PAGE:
4th Annual Real Estate Outlook Event

The 4thAnnual Real Estate Outlook event hosted by CFA Society New York presented views on investing in several real estate specialty asset classes including data centers, medical office buildings, parking, and senior housing.  The specialty sectors are increasingly becoming institutionalized as investor search for yield and low-correlated assets. Panelists included allocators, operators, and private equity fund managers.

The panel moderator, Peter Madden, real estate portfolio consultant to SECOR Asset Management, asked each of the speakers to describe how to find value and growth at a time when the economy has been expanding moderately and new real estate supply has been creeping higher. 

Given the long length of the real estate upcycle, Kevin Higgins, Real Estate Portfolio Manager for the New Jersey Division of Investment, is looking for downside protection from the inevitable downcycle and resilient cash flow.  He also pointed out that that the state’s public pension plans have been overweighted in noncore assets and recently committed to a medical office club deal and expanded into infrastructure. 

High barriers to entry can slow supply growth and sustain cash flow.  In urban areas with high land costs parking will rank low on the list of highest and best uses for real estate.  There is little economic justification of excess parking supply. Often, municipalities need to require, incentivize, or commission ample parking, noted CJ Follini, Managing Principal of Ranger Asset Management.  Likewise, schools and hospitals often require dedicated parking.  There are few national players which leaves opportunities for consolidation.

In contrast, healthcare and senior housing facilities require strong operations to succeed. Operators need to contend with both patients/residents and regulators to succeed.  Philip Kroskin, Senior VP of Real Estate Development for Sunrise Senior Living, turns the assisted-living customer experience to a competitive advantage. Sunrise received a 2018 award from J.D. Power for “Highest in Customer Satisfaction among Senior Living Communities” as a consequence of consistent, high-quality employee training and management. There are also opportunities for consolidation as most property owners control ten or few facilities. 

The medical office building (MOB) has been evolving as physician practices encompass more professionals and the use of medical imaging and other technologies have migrated from hospitals to decentralized MOBs.  David Lynn, Ph.D., the Founder and CEO of Everest Medical Core Properties, pursued the medical office and healthcare space based on his research and professional experience across several major asset classes.  Everest is a subsidiary of Fosun International. 

He further explained how medical technology becomes an anchor for smaller medical centers because medical practioners prefer to be closer to the expensive equipment and the cost can be shared among the other affiliated doctors.  In addition, patients tend to remain loyal to their medical providers.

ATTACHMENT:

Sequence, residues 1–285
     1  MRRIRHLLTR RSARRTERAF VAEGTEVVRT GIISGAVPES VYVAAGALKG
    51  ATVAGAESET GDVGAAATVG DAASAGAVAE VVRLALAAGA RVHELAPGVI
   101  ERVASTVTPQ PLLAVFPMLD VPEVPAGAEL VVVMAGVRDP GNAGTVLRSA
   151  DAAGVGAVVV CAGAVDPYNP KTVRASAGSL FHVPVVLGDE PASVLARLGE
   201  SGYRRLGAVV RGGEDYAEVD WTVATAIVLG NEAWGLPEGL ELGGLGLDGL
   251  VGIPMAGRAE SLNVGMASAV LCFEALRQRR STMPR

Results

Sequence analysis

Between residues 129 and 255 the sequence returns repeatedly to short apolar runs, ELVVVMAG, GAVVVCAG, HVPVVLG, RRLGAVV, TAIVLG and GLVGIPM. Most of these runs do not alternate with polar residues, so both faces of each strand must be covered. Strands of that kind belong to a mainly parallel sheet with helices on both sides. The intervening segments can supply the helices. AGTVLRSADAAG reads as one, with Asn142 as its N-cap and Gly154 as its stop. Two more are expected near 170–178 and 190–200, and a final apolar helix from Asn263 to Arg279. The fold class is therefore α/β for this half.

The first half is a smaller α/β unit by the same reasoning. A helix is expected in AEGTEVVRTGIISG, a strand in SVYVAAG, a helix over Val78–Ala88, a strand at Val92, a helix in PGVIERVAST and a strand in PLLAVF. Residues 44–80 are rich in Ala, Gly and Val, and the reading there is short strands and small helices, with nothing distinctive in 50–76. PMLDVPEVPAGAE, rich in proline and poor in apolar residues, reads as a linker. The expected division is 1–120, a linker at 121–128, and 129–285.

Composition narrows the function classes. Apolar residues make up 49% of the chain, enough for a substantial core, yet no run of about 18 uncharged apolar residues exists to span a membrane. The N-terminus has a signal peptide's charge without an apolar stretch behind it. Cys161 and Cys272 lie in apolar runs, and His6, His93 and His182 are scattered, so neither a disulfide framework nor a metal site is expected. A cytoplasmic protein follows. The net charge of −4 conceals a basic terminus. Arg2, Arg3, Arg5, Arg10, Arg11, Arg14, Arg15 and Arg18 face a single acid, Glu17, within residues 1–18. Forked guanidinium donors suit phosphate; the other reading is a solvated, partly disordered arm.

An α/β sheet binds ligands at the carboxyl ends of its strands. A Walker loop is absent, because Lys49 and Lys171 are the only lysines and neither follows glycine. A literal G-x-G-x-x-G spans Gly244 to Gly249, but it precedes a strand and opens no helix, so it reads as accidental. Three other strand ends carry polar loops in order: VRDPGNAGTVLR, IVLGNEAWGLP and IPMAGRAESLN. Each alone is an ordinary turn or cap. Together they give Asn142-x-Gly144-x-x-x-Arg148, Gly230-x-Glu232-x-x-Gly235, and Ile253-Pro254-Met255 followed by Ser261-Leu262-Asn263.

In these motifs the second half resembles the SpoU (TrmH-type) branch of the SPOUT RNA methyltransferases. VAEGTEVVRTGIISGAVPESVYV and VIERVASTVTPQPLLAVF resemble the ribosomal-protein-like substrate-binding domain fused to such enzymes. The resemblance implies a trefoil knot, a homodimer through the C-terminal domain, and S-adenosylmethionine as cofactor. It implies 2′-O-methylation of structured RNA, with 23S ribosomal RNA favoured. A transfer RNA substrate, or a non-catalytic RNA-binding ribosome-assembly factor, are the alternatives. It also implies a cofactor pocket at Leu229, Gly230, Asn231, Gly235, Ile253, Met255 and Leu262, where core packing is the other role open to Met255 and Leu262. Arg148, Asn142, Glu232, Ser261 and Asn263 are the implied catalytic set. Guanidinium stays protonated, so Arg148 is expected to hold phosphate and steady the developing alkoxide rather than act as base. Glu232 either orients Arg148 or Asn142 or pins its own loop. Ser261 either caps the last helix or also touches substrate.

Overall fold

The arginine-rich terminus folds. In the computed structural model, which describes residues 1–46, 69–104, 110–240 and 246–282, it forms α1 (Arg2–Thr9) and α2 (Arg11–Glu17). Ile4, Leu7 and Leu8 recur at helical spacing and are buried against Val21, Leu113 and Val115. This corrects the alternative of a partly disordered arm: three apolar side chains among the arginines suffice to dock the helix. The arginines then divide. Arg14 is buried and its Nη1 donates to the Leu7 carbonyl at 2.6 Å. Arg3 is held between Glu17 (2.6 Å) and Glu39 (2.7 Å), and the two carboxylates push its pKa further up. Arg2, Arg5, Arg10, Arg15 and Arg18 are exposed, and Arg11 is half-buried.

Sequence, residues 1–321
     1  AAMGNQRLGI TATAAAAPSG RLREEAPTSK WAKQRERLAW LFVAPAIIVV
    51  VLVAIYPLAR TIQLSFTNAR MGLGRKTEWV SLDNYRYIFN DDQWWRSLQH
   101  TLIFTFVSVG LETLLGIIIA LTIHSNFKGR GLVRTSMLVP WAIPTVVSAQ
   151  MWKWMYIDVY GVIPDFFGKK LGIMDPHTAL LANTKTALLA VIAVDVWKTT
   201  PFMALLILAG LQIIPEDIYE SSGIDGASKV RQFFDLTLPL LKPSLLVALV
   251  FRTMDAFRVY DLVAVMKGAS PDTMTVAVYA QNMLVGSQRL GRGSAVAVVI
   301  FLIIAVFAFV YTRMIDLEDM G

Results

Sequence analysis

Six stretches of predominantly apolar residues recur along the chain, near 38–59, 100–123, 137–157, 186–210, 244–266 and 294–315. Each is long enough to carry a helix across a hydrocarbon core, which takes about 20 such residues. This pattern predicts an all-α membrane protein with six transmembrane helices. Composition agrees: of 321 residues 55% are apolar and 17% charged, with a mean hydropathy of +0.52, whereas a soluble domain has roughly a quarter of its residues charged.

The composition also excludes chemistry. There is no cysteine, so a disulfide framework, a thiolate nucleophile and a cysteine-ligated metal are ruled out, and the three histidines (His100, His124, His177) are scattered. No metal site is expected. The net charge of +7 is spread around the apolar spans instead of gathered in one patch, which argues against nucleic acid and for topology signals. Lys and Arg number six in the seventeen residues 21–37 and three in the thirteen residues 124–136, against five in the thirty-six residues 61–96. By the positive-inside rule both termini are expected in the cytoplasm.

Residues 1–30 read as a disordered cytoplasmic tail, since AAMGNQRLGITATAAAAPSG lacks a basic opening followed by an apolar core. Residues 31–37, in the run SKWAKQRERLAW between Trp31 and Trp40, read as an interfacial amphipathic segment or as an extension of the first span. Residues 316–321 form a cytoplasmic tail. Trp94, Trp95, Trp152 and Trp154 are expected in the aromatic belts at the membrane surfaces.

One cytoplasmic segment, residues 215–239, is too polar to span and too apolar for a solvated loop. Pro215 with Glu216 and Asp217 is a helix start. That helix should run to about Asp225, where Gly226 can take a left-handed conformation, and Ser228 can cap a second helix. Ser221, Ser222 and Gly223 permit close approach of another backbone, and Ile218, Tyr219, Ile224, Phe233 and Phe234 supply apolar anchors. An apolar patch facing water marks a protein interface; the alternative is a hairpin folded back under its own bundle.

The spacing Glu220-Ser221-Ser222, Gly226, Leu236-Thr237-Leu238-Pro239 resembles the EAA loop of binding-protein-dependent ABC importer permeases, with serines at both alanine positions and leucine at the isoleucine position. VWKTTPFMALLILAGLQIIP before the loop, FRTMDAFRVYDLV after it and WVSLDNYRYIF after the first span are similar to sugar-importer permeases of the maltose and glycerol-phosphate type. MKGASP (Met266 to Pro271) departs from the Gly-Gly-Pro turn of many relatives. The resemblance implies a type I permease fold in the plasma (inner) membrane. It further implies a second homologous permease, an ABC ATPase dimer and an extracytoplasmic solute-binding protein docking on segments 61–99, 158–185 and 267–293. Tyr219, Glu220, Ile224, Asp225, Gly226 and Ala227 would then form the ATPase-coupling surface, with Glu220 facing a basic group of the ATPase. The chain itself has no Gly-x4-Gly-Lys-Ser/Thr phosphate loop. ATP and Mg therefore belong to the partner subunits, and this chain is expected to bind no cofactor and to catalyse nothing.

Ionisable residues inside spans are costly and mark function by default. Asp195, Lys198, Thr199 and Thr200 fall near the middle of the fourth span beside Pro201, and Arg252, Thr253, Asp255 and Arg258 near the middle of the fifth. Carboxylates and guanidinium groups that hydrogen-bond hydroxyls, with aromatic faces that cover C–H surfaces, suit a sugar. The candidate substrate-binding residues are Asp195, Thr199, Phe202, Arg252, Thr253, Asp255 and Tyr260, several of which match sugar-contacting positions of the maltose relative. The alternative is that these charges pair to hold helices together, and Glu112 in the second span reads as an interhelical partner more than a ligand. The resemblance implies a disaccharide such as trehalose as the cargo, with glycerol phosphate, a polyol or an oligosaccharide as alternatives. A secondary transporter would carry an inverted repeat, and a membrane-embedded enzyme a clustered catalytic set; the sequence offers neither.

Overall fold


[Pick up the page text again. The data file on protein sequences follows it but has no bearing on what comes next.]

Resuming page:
Despite the long-term demographic trends supporting healthcare investment, Mr. Kroskin also pointed out that during the next 5-7 years the 85-year-old population, the silent generation, will decline until the baby boomers reach their 80s.

Sami Badri, a Research Analyst for Credit Suisse, highlighted several of the trends driving the data center space.  Location can be as important for locating data centers as for any type of real estate. Low latency can be a competitive advantage for data centers located near the source of and demand for rapid data transmission. 

For example, high frequency traders demand the low latency that comes from locating data centers near major trading exchanges, and the jump in video and other data usage by cellphone users encourage carriers to locate data centers near cell towers.  Low cost power is another location driver due to cooling requirement.  

Returns from these sectors are logically higher than core real estate returns.  One panelist pointed to initial stabilized cash yields of at least 10% which, when compounded with growth and inflation, can provide IRRs in the mid-teens.

Following the panel presentation Dr. Lynn provided an economic overview of real estate and healthcare trends.  Average capitalization rates (cap rates, which represents cash NOI divided by total property value) were flat-to-down in 2017.  The decline reflected mix-shift associated with an increase in transactions outside of the most expensive gateway cities as investors searched for greater value.  Likewise, there was reduced buying demand from China owing to foreign capital restrictions.  Foreign investment growth in the U.S. has been coming from Canada and Singapore.

When the next recession does arrive, Dr. Lynn does not expect a major decompression in cap rates. Rather, it should occur slowly.  A key warning sign to watch for is cap rates falling below borrowing costs, which is a sure way to lose money if properties are over leveraged and rents decline.

CFA Society New York wishes to thank the volunteers who organized the event:  Patrick Nessenthaler (lead) and Steven Bloom, Anthony Liu, and Kevin Maxwell.